Letter Sent To The Washington Post On March 12, 2003
After an unfair and tawdry diatribe by Richard Cohen against Dennis Kucinich's stand (and arguments) against the war, I fired off this missive to both the editor and omsbudsman at the Washington Post. For good measure, I copied it to a number of prominent bloggers, intellectuals and other media outlets. There's nothing new, but I'm going to make a point of repeating information once in awhile, so we don't get lost in the haze of time and amnesia. 500,000 people on the streets were up in arms about our justification for war in Iraq, along with a number of other individuals who did not fall for the slants, fabrications and fear-mongering.
If the media had reported honestly on the evidence and information underlying our war justification when it was timely, imagine the increased levels of outrage and backlash.
A large majority of the American people thought the evidence was good. If they thought it was bad, or from sloppy work, would they have felt the same about rushing to war and breaking with some of our longtime allies? Now, after the war, the Administration's defense against purposeful deception in the war argument is that the work was sloppy, and agencies incommunicado. Sounds to me like the same excuses I've heard for why 9/11 happened, and proceeded worse than seemingly possible, when we started asking about that...
March 12, 2003
RE: Richard Cohen's denunciation of Kucinich's war arguments and the lack of invitation for Kucinich to respond...
"Civilization is threatened not only by terrorists but also by the means we use to fight them." Richard Cohen, March 6, 2003
Knowledge is threatened not only by ideologists but also by the haste in which we believe them.
We are told the case for war is top secret, and that we are to accept that the information justifying war really exists. To have faith amidst uncertainty. The only problem is a powerful case has already been made for explaining our course of action, freeing our minds of the demands of faith and towards the exercise of reason.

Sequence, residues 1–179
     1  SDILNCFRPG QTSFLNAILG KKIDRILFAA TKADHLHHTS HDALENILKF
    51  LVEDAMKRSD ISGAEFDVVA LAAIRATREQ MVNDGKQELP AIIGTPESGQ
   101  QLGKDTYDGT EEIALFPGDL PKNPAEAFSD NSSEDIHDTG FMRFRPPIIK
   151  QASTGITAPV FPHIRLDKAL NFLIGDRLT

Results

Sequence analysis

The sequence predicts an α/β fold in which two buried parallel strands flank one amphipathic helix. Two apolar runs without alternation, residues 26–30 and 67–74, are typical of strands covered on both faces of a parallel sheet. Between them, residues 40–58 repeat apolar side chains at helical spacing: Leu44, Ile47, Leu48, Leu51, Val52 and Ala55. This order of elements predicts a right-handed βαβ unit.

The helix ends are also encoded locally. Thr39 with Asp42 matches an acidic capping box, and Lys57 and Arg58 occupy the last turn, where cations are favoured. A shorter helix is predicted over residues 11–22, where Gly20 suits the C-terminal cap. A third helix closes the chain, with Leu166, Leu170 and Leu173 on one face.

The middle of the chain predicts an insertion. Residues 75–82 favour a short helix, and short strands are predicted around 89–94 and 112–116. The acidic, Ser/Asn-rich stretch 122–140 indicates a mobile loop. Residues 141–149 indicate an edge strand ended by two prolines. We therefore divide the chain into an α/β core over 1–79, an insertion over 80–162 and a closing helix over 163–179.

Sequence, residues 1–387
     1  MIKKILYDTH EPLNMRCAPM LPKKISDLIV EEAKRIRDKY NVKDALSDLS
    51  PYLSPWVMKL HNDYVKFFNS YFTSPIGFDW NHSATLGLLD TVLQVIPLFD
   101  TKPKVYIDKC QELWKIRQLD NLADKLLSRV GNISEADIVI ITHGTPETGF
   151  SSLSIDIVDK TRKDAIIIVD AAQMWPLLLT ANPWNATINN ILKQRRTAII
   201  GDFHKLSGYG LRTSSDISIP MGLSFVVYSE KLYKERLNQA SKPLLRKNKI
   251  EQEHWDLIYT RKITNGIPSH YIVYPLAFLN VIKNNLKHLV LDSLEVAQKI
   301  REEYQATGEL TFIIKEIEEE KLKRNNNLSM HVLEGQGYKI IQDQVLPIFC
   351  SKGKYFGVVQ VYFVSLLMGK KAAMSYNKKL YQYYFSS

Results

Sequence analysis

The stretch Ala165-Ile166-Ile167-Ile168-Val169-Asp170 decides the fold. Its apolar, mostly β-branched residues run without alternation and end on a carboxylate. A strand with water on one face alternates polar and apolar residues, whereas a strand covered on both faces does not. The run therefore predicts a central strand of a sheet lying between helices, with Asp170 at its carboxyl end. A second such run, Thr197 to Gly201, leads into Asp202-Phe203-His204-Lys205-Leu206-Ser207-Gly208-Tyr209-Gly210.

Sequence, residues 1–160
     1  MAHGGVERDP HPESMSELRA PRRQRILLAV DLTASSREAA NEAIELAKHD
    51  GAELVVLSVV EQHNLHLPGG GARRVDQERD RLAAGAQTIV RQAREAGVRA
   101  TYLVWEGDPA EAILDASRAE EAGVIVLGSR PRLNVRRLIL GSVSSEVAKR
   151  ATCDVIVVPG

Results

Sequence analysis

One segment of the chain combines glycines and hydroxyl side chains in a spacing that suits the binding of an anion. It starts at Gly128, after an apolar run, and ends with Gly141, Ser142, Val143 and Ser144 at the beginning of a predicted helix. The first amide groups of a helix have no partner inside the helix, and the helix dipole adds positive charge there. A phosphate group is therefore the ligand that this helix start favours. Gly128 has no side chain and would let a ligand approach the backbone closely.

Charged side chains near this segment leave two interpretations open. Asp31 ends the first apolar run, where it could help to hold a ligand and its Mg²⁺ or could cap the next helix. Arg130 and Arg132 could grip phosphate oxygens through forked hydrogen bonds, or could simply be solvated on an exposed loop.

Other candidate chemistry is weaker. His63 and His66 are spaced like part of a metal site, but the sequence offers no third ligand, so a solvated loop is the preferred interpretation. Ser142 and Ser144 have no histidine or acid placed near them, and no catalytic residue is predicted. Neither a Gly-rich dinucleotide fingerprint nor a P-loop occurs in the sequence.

This case is what's known as The Project For A New Century (sic), which very clearly supports military action in the Middle East, has aggressively done so for a number of years, and is grounded upon reasons very clearly different from those being forwarded by the current administration, the key planners of which for all intents and purposes are the same people.
Call me naive...I'll call you a fool.
Our dilemma is quite profound. No longer is the question "who do you believe", but an altogether more bewildering, since we already know the who we're dealing with, "what version of your truth do we believe"? The one that makes political sense, or the one that very clearly warns of its political dangers?
America is a free country, with discourse and argumentation being its lifeblood. Let's not throw this away defending an ideology and not an argument for war. An argument must be made with information, and the more accurate and less (widely known to be) fabricated the better. The current mix of secrecy, innuendo, fear-mongering, fabrication, forgery, plagiarism, reason recycling, and little substance interpreted with great hyperbole is less than convincing to any free thinking and non-jingoist individual.
Let's lay it on the line. The projection of American power in the world is, by definition, the projection of the "people" of America. We have a stake, a voice, a responsibility, and the vulnerability that accompanies them. The editorial page is one of the places for this gauntlet to be thrown down. Don't hijack the debate, bring disrepute to your name, and sell out the "people" in favor of "focus groups". Air the arguments, referee the dueling interpretations, and lay bare the ground upon which we stand as a freely willing moral people defending life, liberty and the pursuit of happiness.
Am I being unreasonable? Naive? To believe that communication, information, debate, and shared understanding are essential in decision making and accountable collective moral action? No way. Accountability, and a clear sense of direction, are paramount. We don't have that today, and we need to declare it. In this regard, the UN is not serving as an "irrelevant debating society", but a very relevant one, being the testing ground internationally for asserting values, making a case for action in their regard, and defending the case against rival cases.
The Washington Post editorial page should do the same, or face the fate of becoming "irrelevant".
More on the substance of Cohen's diatribe coming up, but a prominent part of it is Richard Perle calling Dennis Kucinich a liar.